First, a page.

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Facing Threat of Far Right Violence, Library Workers Seek Safety in Unionization

Libraries are necessary social infrastructure, and the safety of workers is imperative to their continuing function.

Librarians are fighting for workplace safety measures in an era of right-wing censorship and violence.

Administration at the Ferndale Area District Library in metro Detroit worked hard to protect library workers from COVID-19. The building was closed to the public from March 2020 to June 2021 and workers “never paid for PPE,” says Mary Grahame Hunter, a Ferndale youth librarian. “The safety of workers was 100 percent prioritized.” But Hunter and her colleagues say that trusting in a good boss is not enough. In early December, 17 of 22 eligible library workers announced their decision to join the Newspaper Guild of Detroit. As they wait to hear if the board will voluntarily recognize the new bargaining unit, they are prepared for an election. “Without a union,” says Hunter, “we’re crossing our fingers.”

Hunter and her colleagues join a wave of unionization in the library sector. Last December, Baltimore County Public Library workers organized with the International Association of Machinists and Aerospace Workers, ratifying their first contract in May 2022. That same month, library workers at Daniel Boone Regional Library in Columbia, Missouri, voted to form the first library union in the state. Workers at the Enoch Pratt Free Library in Baltimore won recognition in November with a staggering 218-12 vote. Libraries in the higher education sector have seen similar wins with new unions at the University of Michigan, the Claremont Colleges and Northwestern University. And the sector is increasingly preparing for large scale strike action. Library faculty at the University of Illinois Chicago authorized a strike in November. University of Washington library workers conducted a one-day work stoppage in October.

Wages and working conditions are, as expected, at the heart of much of this new organizing. In the wake of the pandemic, many library workers see workplace safety as an essential demand. A study by the Public Library Association confirmed that most libraries closed their doors to patrons in the first weeks and months of the pandemic, but that wasn’t true in all cases. In Idaho Falls, Idaho, the library director maintained open building hours, citing the acute need for access to library computers to do things like apply for unemployment insurance. In Chicago, Mayor Lori Lightfoot ordered libraries to keep physical buildings open as crucial “gathering places” and “safety nets” for the public, despite the risk to library workers, ceding to AFSCME Council 31 demands only when Gov. J.B. Pritzker implemented a stay at home order. Indeed, as Hunter says, “One of the reasons a coworker joined the union is that she was in another library and was treated terribly.”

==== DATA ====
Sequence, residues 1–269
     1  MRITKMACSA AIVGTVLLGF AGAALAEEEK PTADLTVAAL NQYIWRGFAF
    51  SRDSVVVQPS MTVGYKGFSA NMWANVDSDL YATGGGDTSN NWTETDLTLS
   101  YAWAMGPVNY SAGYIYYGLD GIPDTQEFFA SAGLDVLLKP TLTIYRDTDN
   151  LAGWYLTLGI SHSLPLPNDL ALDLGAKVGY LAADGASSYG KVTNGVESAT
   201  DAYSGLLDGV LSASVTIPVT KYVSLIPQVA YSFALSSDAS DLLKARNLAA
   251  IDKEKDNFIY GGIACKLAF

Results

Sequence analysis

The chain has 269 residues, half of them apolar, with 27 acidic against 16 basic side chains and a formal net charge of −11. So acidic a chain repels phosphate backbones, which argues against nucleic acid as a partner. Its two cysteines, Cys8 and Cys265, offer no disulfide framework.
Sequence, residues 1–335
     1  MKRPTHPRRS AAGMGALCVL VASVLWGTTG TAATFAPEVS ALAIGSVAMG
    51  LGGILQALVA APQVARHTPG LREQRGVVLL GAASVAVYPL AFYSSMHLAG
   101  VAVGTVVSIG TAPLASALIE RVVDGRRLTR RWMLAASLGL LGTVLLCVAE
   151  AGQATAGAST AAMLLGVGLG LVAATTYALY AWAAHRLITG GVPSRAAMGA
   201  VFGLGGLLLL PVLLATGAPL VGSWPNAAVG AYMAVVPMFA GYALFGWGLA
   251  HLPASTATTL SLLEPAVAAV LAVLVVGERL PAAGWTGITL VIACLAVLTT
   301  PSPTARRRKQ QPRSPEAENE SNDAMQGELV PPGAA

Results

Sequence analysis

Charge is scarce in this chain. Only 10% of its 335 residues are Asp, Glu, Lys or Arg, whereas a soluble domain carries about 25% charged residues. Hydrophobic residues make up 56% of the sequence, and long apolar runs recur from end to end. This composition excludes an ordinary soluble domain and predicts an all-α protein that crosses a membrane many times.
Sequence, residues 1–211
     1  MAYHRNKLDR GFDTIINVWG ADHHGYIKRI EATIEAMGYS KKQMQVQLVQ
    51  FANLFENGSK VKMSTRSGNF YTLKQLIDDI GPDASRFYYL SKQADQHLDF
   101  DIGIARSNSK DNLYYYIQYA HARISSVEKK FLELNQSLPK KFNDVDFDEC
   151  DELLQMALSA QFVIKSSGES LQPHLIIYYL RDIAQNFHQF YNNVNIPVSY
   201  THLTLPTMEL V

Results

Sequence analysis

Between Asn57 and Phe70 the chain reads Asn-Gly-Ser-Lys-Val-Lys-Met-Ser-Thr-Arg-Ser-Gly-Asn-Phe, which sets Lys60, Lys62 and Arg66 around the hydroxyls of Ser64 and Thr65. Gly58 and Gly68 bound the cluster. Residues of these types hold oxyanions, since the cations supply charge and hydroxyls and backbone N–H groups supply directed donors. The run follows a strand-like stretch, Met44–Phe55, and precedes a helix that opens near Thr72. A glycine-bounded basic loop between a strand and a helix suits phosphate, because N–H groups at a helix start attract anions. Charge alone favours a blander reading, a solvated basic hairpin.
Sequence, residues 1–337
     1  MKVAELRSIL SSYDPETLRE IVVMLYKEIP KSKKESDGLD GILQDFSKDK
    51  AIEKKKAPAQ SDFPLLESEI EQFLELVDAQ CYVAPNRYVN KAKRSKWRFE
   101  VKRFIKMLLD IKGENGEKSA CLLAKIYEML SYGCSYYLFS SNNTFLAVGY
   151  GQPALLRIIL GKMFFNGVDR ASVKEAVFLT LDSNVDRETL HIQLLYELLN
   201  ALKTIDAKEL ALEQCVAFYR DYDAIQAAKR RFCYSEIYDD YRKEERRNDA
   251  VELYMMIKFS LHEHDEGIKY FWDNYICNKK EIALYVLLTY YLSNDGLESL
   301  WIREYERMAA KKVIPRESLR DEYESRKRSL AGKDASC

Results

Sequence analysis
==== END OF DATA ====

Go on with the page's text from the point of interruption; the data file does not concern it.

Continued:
In an era of rising extremist violence, workplace safety must also address threats of harm from would-be censors who bring guns to protest materials and programming that acknowledge the existence of LGBTQ+ people. From Proud Boys bringing rifles to a children’s story time to extremists showing up with weapons to a library board meeting in Bonners Ferry, Idaho, to a pattern of bomb threats targeting major urban library systems, library workers are in some cases rightly scared of going to work.

Just as they pushed for better ventilation, PPE and necessary building closures, library workers need to organize around the threat these extremists pose to their capacity to do their jobs safely. The library director in Idaho and Chicago’s mayor are not wrong: Libraries are necessary social infrastructure, sites for the distribution of social goods and among the last remaining public squares. But the library cannot function without its workers, and those workers must be protected. As tools for shaping worker demands and structured processes for both labor and management to develop solutions to pressing workplace problems, unions offer one way of pushing back against extremists in the library. And if we push back against extremists in the library, where they are right now, we push back against the rise of extremism everywhere. As Hunter told the Detroit Metro Times, “There has been an enormous hike in censorship from hostile library boards, and seeing that really made me say, ‘You know what, a union safeguards workers.” And if the union can safeguard library workers, it can safeguard us all.

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